While most of the President’s proposals mirror those already passed by the Senate on Christmas Eve, there are a few key alterations. What the plan is missing are details. According the Congressional Budget Office (CBO), the President’s outline is too vague to be precisely evaluated. The CBO is a nonpartisan outfit charged with providing analysis of the cost of legislation. The Office isn’t able to effectively calculate the cost of the President’s plan, however, because according to information posted on the CBO Director’s blog: “Although the proposal reflects many elements that were included in the health care bills passed by the House and the Senate last year, it modifies many of those elements and also includes new ones. Moreover, preparing a cost estimate requires very detailed specifications of numerous provisions, and the materials that were released this morning do not provide sufficient detail on all of the provisions.”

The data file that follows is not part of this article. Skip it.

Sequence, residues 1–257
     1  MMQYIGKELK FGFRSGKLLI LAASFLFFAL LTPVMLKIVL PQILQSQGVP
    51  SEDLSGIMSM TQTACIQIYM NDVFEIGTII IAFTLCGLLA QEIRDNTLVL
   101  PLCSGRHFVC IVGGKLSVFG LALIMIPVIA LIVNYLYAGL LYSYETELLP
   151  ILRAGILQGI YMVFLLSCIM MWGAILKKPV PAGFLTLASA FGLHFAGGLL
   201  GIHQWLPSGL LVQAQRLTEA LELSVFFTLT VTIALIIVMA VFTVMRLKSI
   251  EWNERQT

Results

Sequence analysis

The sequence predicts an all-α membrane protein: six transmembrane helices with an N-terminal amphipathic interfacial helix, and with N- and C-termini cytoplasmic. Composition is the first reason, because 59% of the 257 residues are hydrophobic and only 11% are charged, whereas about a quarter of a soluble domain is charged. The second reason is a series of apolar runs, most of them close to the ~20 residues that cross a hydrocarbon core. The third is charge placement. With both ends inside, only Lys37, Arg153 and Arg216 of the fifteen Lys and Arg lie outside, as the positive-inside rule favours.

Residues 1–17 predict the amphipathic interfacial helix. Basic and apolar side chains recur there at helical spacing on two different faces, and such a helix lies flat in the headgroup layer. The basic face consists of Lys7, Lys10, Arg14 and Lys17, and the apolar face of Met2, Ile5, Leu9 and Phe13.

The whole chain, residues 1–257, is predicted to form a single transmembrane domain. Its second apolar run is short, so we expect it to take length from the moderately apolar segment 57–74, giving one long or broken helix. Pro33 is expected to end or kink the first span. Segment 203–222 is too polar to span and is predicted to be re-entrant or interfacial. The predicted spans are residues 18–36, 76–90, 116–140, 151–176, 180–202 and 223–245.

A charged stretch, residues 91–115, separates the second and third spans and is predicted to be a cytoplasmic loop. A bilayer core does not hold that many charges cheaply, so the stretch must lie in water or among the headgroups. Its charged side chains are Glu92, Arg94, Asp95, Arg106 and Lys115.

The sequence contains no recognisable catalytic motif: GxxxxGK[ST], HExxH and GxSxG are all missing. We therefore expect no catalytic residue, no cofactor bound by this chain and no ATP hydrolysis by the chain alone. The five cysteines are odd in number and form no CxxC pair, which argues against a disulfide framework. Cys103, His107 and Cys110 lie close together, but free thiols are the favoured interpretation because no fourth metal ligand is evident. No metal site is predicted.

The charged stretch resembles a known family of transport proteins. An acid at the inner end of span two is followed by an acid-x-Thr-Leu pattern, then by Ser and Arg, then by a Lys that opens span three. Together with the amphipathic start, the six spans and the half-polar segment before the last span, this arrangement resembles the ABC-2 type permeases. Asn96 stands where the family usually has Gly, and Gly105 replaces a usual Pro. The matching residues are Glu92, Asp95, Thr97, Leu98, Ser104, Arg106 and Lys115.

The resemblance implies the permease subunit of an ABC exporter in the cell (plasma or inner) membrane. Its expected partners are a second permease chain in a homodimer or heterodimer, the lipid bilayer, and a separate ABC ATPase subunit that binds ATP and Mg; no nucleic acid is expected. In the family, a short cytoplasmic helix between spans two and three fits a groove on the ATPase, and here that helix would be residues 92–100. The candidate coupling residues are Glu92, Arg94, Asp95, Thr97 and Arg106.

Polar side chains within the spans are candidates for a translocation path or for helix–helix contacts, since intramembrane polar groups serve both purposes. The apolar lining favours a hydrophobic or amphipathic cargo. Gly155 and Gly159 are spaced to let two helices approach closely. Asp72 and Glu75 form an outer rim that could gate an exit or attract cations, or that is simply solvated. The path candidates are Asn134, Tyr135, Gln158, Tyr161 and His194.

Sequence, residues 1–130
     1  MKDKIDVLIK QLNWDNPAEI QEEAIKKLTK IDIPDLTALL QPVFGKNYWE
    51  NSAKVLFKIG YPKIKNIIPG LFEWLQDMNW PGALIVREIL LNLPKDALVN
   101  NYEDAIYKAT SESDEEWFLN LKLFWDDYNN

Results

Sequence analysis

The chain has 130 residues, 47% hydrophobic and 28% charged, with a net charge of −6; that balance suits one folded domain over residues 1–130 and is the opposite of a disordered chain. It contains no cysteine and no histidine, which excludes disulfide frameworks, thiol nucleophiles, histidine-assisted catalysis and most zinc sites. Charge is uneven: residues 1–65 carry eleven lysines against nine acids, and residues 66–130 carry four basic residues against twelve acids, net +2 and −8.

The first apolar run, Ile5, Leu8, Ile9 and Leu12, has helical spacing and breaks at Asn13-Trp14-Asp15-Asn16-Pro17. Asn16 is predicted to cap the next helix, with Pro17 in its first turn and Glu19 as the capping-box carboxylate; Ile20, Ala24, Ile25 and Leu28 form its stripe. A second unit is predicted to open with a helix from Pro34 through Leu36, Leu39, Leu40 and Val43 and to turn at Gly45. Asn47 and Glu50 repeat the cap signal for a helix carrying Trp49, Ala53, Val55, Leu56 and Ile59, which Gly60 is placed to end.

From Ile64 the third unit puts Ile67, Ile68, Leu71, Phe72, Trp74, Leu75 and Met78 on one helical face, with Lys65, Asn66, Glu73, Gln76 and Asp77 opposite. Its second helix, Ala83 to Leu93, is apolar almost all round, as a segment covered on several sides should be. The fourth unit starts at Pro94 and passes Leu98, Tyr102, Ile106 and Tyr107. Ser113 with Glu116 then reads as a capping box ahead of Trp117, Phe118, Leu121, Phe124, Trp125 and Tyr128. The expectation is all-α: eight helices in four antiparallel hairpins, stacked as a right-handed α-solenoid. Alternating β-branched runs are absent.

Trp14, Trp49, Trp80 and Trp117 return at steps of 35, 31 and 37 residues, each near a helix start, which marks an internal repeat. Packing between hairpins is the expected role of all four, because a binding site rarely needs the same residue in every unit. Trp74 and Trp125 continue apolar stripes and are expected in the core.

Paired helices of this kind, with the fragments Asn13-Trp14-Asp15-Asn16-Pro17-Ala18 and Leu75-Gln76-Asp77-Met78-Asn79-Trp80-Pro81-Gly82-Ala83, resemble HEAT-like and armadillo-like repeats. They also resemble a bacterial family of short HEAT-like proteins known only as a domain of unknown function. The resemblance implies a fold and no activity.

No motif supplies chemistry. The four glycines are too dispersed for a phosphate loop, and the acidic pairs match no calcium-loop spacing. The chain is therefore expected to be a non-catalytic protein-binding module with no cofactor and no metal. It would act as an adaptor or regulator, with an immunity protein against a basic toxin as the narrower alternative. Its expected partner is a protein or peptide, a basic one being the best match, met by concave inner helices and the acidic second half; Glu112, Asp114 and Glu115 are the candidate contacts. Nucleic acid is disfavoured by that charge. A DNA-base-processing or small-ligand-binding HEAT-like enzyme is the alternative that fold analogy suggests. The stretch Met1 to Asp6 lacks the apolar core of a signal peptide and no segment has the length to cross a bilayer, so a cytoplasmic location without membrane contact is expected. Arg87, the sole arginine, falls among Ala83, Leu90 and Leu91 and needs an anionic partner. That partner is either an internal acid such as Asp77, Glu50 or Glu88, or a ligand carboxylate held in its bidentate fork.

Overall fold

Given that the President has scheduled a televised “town hall meeting” with Republican lawmakers for Thursday, even if the President’s plan were more specific, the CBO claims that, “analyzing the proposal would be a time-consuming process that could not be completed this week.” It is probably a good thing the President has only provided the flimsiest of sketches in advance of Thursday’s performance. If he were more forthcoming, the GOP might make more of a show of opposition and that would never do.
Although the CBO claims it is unable to estimate a cost of the President’s plan, the White House announced a price tag of $950 billion over a decade. This puts the price of the President’s proposal just above the Senate’s version and just below the measure passed by the House in November 2009. These exorbitant costs will be offset, the White House insists, by a $100 billion deficit reduction over the same time period.